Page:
I’m just back from the NAVSA/BAVS/AVSA Conference in Venice, where I did see the William Morris painting that Eddy discusses in his post below (will add a comment this week, Eddy!). It was a really wonderful conference, with a wide range of papers. As a conference running over four days, with seven panels at any one time, it’s impossible to sum up just one or two specific threads that ran through the talks. What I can say, though, is that the joining of these three different Victorian Studies Associations – from North America, the UK (and the rest of Europe, if you include people like me), Australia, and Asia made for a very exciting, diverse group. It was a real pleasure to meet colleagues from Australia, many of whom remarked how isolated they felt from other Victorianists and what a treat it was to join forces in Venice. I spoke to one conference-goer who was going to visit London after the conference for the first time. Having taught nineteenth-century British fiction for years, it would be her first chance to see the city that she knew so much about but had never experienced for herself. Pretty exciting.
The conference theme lead to a rich variety of papers: I heard Jessica Howell discuss the lives of nurses in colonial Africa, Ross Forman speak about queer relationships and sex scandals in the colonies, and Nina Harkrader discuss the architecture of workhouses in London. In an intriguing paper, Anne-Marie Beller explored the depiction of Italian characters in Mary Elizabeth Braddon’s little-known poem Olivia, arguing that Braddon played with, but ultimately challenged, stereotypes of both the English and Italians. In fact, Beller argued that the Italian figure, Angelo, actually emerges as the most tragic figure the text. Braddon depicts a duel between the Italian and English men in the poem – both of whom are competing for Olivia – but when the Englishman accidentally kills Angelo, he brings the Italian man’s body back to Italy and stays to care for his grave. The poem, then, is fascinating as an example of male compassion (Olivia has already moved on with a new lover, so readers need not worry about her) but also as a text that establishes a bond between these two countries. Not surprisingly, papers on the British understanding and representation of Italy were popular at the conference. One aspect of Beller’s paper that was striking, though, was her comparison of Braddon’s poetry, and her depictions of Italy, with Elizabeth Barrett Browning’s; these are writers whose work is not often compared but Beller’s juxtaposition was enlightening.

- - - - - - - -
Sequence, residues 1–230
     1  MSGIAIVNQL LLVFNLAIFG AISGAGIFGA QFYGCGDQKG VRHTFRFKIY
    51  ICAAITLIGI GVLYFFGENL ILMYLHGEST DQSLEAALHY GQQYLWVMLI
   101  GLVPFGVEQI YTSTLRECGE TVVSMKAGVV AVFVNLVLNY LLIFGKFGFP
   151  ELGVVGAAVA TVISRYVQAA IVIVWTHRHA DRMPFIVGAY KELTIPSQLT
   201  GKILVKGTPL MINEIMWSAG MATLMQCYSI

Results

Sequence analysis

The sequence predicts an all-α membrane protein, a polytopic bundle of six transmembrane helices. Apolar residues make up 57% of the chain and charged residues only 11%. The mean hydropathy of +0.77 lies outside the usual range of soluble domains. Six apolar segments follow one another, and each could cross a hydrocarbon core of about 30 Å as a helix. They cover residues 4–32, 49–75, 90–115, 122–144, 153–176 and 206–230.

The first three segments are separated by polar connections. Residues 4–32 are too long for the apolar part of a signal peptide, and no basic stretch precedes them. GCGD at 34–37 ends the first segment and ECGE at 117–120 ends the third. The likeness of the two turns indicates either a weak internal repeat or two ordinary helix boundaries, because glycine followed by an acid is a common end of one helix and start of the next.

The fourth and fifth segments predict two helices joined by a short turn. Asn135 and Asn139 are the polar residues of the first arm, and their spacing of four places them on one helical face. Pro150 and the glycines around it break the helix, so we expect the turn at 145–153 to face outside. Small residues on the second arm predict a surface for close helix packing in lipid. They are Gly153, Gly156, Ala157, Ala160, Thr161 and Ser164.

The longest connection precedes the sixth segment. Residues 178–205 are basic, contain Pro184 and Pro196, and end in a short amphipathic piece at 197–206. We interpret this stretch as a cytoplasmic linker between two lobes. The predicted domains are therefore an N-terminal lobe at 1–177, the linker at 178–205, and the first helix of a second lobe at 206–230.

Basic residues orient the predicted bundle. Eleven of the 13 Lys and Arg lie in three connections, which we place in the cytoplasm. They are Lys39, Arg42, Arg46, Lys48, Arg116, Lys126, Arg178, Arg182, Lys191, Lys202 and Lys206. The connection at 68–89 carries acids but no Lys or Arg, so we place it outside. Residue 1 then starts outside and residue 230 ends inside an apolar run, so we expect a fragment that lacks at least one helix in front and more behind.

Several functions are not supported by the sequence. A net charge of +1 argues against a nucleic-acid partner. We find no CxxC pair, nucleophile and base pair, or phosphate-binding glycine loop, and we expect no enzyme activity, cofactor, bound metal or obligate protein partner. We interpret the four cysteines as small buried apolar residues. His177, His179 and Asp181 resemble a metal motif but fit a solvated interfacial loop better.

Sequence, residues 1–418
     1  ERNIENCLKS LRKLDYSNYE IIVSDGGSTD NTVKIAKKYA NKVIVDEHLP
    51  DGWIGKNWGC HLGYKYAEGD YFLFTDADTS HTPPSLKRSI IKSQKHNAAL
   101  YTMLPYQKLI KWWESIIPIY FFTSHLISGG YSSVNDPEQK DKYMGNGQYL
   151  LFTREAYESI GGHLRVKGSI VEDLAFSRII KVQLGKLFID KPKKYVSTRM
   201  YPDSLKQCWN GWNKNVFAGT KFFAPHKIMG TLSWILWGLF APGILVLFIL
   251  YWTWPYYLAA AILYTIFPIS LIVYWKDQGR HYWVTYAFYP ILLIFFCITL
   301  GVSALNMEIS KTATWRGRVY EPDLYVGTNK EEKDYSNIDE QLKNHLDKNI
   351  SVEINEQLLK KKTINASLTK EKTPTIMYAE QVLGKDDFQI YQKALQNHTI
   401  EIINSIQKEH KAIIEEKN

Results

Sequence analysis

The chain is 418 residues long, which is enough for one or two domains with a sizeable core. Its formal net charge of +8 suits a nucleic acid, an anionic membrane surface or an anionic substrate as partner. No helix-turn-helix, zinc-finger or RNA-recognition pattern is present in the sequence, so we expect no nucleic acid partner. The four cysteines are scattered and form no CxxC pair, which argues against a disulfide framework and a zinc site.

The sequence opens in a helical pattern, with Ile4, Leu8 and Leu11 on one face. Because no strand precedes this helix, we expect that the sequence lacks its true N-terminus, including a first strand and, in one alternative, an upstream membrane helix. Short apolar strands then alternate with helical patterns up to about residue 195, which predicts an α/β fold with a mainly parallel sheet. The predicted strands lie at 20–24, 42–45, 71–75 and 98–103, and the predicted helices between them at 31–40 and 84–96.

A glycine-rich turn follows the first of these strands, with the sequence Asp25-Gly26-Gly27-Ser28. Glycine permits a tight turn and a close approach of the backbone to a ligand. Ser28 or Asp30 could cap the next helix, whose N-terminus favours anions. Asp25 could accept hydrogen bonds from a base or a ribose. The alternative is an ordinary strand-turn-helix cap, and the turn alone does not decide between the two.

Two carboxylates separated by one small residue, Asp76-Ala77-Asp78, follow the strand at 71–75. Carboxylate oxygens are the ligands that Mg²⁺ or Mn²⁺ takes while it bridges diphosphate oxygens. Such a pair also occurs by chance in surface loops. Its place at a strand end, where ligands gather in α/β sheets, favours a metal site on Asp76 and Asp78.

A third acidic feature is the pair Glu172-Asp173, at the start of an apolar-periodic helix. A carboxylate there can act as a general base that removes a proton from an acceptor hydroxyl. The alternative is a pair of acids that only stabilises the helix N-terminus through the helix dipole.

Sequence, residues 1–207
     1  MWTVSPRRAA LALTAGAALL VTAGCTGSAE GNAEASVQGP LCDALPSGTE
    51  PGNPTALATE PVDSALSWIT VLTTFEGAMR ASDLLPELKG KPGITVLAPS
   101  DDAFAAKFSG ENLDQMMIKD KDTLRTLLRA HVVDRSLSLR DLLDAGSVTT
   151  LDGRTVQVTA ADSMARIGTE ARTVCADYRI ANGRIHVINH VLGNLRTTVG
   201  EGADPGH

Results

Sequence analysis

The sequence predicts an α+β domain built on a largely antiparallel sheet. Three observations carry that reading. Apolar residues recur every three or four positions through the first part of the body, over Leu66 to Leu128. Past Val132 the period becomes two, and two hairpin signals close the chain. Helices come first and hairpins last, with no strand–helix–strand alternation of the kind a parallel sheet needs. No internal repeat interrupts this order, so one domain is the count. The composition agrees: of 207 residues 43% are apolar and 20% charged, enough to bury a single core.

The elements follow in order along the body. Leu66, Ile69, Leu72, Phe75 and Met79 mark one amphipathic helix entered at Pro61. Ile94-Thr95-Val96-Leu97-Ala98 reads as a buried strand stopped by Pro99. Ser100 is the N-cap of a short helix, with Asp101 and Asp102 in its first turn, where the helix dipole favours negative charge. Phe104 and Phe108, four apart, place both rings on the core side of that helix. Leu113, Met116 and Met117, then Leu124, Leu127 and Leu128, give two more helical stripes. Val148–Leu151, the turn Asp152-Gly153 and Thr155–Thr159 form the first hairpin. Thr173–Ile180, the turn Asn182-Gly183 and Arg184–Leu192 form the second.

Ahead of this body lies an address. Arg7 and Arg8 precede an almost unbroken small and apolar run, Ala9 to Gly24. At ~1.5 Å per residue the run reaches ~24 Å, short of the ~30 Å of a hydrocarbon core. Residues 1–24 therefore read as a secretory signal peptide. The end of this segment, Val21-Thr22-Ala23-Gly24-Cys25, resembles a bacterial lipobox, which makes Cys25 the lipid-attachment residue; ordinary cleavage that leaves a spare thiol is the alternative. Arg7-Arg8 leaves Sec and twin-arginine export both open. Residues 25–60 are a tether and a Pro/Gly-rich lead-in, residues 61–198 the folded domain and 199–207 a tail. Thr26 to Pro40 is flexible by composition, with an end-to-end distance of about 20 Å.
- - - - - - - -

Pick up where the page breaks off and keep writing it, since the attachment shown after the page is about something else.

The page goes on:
Pamela Gilbert also offered an unusual pairing in her reading of Victorian skin and subjectivity, discussing Hegel alongside Wilkie Collins. I was lucky enough to attend Gilbert’s Work-in-Progress Seminar, entitled Victorian Skin: Surface and Self. She allowed the participants to read a chapter from her book project on this topic and explained that she began the project without a set, strict theoretical framework. Interested in the normative, rather than deviant body (though aware of the murky lines between such designations), Gilbert began by asking herself questions like, what did the Victorians talk about when they talked about skin? How is skin figured as identity, a boundary, or even an object or relic in the nineteenth century? Given changing conceptions of the body, new medical developments, and fluctuations in gender, class, age and racial identities throughout the Victorian period, human skin, as a cover for the body but one that always risks being influenced by outside sources and other bodies, certainly emerges as an important and wide-ranging topic. Her project is one of those that is so exciting and, even, necessary that it’s surprising that no one has explored this topic in depth until now. I’m reluctant to say too much about the chapter that we read, as it is still a work in progress, but I look forward to reading the book when it comes out!